Donald Trump says it is a “profound honour” to be the first president to speak at an annual anti-abortion event in Washington.
In his speech at the March for Life rally, the US president said “unborn children have never had a stronger defender in the White House”.
He slammed the Democrats for what he called the most “radical and extreme positions” on abortion from any political party “in possibly centuries”.
“Sadly the far left is actively working to erase our God-given rights, shut own faith-based charities, ban religious believers from the public square and silence Americans who believe in the sanctity of life,” Mr Trump said.
“They are coming after me because I am fighting for you, and… together we are the voice for the voiceless.”
Mr Trump used the speech to praise his own “historic” anti-abortion action since taking office, including appointing judges who oppose abortion, cutting taxpayer funding for abortion services and vetoing pro-abortion policies.
He called on Congress to pass legislation that would “prohibit late-term abortion of children who can feel pain in their mother’s womb”.
In the speech, Mr Trump also thanked the “tens of thousands” of people who attended the event, particularly the “strong women, amazing faith leaders and brave students who carry on the work of pioneers before us”.
“Every life brings love into this world,” he said, prompting loud cheers from the crowd.
“Every child brings joy to a family. Every person is worth protecting.”
In a 1999 interview, Mr Trump said he was “pro-choice in every respect”.
During his 2016 campaign for the Republican nomination, Mr Trump said his views had changed and that he was now opposed to abortion in most cases.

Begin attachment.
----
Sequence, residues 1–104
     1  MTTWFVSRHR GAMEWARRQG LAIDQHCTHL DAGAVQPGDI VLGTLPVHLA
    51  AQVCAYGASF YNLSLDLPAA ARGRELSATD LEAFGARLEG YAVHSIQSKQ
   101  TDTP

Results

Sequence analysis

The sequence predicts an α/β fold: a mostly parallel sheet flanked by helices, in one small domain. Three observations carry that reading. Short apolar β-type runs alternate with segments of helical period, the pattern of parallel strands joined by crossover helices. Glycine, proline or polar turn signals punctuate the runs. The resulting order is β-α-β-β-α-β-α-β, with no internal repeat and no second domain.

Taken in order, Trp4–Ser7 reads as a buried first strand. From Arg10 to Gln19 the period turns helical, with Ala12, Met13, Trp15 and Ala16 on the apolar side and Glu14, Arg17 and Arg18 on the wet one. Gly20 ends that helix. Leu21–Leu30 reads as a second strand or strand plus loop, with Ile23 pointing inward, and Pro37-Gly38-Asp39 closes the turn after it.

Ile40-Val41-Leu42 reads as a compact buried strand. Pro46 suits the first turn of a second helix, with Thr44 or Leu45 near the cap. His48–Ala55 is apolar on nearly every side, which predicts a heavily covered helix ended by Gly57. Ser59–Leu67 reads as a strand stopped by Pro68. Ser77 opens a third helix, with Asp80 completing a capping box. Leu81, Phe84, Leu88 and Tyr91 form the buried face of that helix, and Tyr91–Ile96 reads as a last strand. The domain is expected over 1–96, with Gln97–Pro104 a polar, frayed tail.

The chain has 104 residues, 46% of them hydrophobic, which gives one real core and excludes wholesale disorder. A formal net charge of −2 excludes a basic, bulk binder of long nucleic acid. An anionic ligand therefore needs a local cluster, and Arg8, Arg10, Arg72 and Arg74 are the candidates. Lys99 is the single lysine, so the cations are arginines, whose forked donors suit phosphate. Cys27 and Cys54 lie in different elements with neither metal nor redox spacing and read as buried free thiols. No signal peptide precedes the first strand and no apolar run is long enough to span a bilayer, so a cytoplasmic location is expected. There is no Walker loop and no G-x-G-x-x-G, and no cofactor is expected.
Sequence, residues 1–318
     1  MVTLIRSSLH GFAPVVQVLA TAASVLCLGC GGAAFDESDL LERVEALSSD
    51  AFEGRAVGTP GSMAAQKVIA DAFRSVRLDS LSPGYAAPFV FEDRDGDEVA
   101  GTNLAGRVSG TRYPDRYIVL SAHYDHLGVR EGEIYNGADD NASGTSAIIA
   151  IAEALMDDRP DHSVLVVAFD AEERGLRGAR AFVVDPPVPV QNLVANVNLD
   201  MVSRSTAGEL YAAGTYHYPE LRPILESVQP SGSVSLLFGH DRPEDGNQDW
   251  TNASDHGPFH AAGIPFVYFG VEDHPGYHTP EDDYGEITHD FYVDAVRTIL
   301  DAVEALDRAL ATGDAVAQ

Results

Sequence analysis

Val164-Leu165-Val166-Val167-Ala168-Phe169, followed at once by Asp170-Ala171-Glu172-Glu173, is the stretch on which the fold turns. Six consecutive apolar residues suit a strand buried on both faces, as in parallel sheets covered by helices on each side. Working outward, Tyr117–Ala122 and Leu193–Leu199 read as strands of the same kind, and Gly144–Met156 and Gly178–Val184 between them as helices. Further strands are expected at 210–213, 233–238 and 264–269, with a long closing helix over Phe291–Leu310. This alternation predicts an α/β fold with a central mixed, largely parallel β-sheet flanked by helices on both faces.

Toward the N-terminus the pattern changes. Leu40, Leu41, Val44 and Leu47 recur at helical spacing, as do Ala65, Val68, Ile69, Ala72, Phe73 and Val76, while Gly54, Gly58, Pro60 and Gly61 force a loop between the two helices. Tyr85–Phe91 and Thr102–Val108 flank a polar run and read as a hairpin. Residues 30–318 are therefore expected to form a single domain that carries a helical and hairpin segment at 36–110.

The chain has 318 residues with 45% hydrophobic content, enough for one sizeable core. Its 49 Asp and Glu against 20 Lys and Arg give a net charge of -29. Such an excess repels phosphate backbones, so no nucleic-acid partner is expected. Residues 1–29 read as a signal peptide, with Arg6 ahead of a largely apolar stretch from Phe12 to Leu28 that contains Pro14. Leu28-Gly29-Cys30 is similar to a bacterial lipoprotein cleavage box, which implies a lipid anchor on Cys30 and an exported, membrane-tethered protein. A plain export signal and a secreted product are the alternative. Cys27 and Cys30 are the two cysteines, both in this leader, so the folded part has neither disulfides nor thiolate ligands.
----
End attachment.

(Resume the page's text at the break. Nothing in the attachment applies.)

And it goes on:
When asked hypothetically what would happen if abortion were outlawed, Mr Trump said there would have to “be some form of punishment” for women who have them.
This prompted a backlash that managed to unite abortion rights activists and opponents, even including organisers of the March for Life.
Asked to clarify Mr Trump’s position, the Republican Party initially said the issue should rest with state governments.
Mr Trump later said doctors, not women, should be punished for illegal abortions.
Since then, Mr Trump has become a darling of the anti-abortion movement.
Now, as he heads into the 2020 election, he continues to reach out to the white evangelical voters who have been among his most loyal backers.
Past presidents who opposed abortion, including Ronald Reagan and George W Bush, steered clear of personally attending March to Life to avoid being too closely associated with the contentious issue.
Chair of the American Conservative Union and a close ally of the White House, Matt Schlapp said Mr Trump’s appearance at the event was significant.
“I’ve had people be moved to tears over the fact that he’s going,” Mr Schlapp said.
“It’s a big deal.”